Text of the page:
Saturday, June 30, 2012

From The Archives: Sarah Karloff: Daughter of a Screen Legend!

(originally published on June 7, 2010.  This article has been slightly altered from its' original version)

Boris Karloff was a veteran character actor of Hollywood’s golden age, when he emerged from obscurity with his portrayal of the Frankenstein Monster in Universal Studio’s 1931 feature Frankenstein. He would star as the monster in two sequels, as well as go on to play the original version of the mummy Imhotep in (what else?) The Mummy, to say nothing of a multitude of other horror, comedy, and science fiction programs for both television and the cinema.

Sadly, Boris Karloff, the man once billed simply as Karloff the Uncanny, has long since passed from this world. However, he did leave behind one child, Ms. Sarah Jane Karloff, whom I am fortunate enough to speak with today.

Ms. Karloff is the owner and operator of Karloff Enterprises, a licensing company that oversees the use of her father’s image and helps to propitiate his legacy. She was a student at the prestigious Buckley School in California as well as a graduate of the University of Oregon, and, as I was delighted to discover, an excellent conversationalist as well.

Lone Fan: Good Evening, Ms. Karloff.

Sarah: Hello, Mark.

Lone Fan: Thank you for taking the time to speak with me.

Sarah: That’s fine. I’m happy to do it.

Lone Fan: Well, I’d like to start this evening with a bit of an icebreaker. What was it like growing up as the daughter of Frankenstein?

Sara:h I never thought of myself as the daughter of Frankenstein, and actually it wasn’t Frankenstein, it was Frankenstein’s monster. My father was a quiet, soft spoken, very intelligent, and funny man. Because my father was the antithesis of the roles that he played I was able to grow up thinking of myself as the daughter of Boris Karloff and not the daughter of the creature.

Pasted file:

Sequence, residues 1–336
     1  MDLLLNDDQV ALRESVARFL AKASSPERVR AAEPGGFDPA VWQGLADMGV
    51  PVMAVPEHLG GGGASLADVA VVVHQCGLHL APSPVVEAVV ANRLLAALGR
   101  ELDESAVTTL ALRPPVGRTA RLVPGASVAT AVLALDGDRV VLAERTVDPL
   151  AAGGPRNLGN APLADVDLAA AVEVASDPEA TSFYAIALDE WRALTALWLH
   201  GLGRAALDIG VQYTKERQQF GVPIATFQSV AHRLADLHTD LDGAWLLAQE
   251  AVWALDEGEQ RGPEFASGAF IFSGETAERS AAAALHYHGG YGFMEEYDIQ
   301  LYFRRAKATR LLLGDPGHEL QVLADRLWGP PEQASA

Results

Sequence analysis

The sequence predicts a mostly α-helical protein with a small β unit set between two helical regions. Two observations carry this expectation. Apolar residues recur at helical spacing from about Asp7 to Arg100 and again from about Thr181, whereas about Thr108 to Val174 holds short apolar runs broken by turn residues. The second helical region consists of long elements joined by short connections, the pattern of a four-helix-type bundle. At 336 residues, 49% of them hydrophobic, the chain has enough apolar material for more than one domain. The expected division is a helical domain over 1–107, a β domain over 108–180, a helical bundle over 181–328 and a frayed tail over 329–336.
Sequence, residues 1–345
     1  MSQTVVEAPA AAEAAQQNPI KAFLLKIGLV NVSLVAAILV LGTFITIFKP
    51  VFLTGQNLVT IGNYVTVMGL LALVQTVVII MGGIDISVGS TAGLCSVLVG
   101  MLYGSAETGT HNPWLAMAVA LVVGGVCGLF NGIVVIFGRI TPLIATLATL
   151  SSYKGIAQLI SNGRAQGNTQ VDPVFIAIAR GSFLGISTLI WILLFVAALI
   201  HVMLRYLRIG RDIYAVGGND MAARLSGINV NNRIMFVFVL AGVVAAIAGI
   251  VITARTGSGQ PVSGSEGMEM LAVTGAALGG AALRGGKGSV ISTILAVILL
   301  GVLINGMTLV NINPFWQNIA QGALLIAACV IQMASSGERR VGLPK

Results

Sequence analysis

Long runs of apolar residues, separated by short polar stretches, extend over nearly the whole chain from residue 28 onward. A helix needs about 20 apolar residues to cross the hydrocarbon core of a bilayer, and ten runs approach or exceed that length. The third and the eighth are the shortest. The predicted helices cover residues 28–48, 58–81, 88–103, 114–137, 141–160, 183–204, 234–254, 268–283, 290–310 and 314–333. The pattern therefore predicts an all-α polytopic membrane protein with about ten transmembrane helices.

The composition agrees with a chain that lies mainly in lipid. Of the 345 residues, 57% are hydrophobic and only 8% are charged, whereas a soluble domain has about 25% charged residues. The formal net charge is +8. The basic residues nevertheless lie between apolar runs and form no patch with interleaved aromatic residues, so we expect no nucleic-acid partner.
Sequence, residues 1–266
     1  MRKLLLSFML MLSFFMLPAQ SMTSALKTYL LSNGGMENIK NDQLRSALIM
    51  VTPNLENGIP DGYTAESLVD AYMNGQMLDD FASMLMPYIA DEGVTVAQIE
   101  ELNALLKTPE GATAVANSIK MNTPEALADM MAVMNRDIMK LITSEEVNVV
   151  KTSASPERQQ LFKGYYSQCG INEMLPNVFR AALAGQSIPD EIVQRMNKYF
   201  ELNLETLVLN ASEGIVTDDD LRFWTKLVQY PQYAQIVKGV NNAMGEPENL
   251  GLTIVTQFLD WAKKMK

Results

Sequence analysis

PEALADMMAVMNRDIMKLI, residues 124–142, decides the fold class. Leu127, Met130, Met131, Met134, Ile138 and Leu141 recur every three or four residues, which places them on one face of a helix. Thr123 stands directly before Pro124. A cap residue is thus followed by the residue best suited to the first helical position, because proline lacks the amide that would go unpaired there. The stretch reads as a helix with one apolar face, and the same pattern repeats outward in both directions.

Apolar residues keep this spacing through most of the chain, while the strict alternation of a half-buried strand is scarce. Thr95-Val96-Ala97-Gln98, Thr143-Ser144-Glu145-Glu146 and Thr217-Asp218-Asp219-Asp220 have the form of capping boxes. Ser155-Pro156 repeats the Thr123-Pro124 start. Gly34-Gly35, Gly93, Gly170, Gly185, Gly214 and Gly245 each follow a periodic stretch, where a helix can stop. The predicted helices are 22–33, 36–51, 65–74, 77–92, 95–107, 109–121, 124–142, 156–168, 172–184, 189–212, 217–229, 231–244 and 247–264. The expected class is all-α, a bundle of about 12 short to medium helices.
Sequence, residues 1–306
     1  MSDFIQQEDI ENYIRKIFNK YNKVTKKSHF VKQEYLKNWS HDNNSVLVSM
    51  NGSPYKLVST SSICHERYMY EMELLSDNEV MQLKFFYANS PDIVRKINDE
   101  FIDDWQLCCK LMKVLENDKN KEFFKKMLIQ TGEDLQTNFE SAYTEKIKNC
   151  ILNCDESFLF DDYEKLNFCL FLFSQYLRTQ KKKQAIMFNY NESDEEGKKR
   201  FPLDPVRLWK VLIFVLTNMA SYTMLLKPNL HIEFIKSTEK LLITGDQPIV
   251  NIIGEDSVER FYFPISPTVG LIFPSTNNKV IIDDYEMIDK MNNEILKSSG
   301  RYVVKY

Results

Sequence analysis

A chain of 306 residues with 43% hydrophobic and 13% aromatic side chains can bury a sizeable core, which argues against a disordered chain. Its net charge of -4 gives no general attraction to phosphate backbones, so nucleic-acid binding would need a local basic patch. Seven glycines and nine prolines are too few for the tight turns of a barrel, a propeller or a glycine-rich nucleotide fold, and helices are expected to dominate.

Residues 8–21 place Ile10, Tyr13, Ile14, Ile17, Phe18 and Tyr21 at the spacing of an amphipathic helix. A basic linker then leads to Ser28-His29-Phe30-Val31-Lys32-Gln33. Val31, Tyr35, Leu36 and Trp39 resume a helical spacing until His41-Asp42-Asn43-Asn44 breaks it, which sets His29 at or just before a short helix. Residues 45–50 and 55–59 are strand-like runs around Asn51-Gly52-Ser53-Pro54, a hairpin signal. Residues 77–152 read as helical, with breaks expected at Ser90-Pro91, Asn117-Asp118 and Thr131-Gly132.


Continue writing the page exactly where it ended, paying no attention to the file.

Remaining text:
Lone Fan: Have you ever gotten a chance to dress up as the Frankenstein Monster?

Sarah: For the first and the last time in my life, in 2008 on Halloween I agreed to let a friend of mine, Kevin Burns who is a producer and a director, dress me up in Frankenstein makeup for Hugh Hefner’s Halloween Party. The makeup was extraordinary. He did a wonderful job and it took about two and a half hours to put on and it was gruesome to take off. But we had a wonderful time and everybody got a big kick out of it and I will never do it again.

Lone Fan: What year were you born, Ms. Karloff?

Sarah: I was born on my father’s 51st birthday which was in 1938.

Lone Fan: At that time had he legally changed his name to Boris Karloff or was he still William Henry Pratt?

Sarah: He never changed his name to Boris Karloff. It was an AKA, and so he signed all his legal documents William Henry Pratt aka Boris Karloff. So I actually was the only legal Karloff because on my birth certificate I was Sara Jane Karloff Pratt.

Lone Fan: Rumor has it that your father adopted the title of ‘Boris Karloff’ because he felt like Pratt wasn’t a very good name for a stage actor.

Sarah: Yes, I believe that’s true. He felt that Pratt wouldn’t be particularly appropriate on a theater marquee, because of pratfalls, ect.

Lone Fan: Your father came from a rather large family. How many siblings did he have?

Sarah: He was the youngest of nine children; eight boys and one girl.

Lone Fan: I had heard that one of your father’s brothers did attempt to become an actor and died very young. Is that true?

Sarah: Yes, I believe it was the brother two up from my father, George, who had been an actor.

Lone Fan: Is it also true that he died young, or is that just a rumor?

Sarah: No, he died relatively young. I believe in his forties.

Lone Fan: Do you know what the circumstances of his death were?

Sarah: No, I really don’t. There is however a marvelous book coming out this October, written by an English Gentleman named Stephen Jacobs and his research is impeccable. He has done more research than has ever been done before on my father’s family and he will have all the details on everything anyone has ever wanted to know.

Lone Fan: I’ve read before that certain people felt there was some tension between your father and his brothers because they were in the diplomatic corps and he was an actor. Is that true?

Sarah: It’s true that his brothers were not pleased with his decision to become an actor.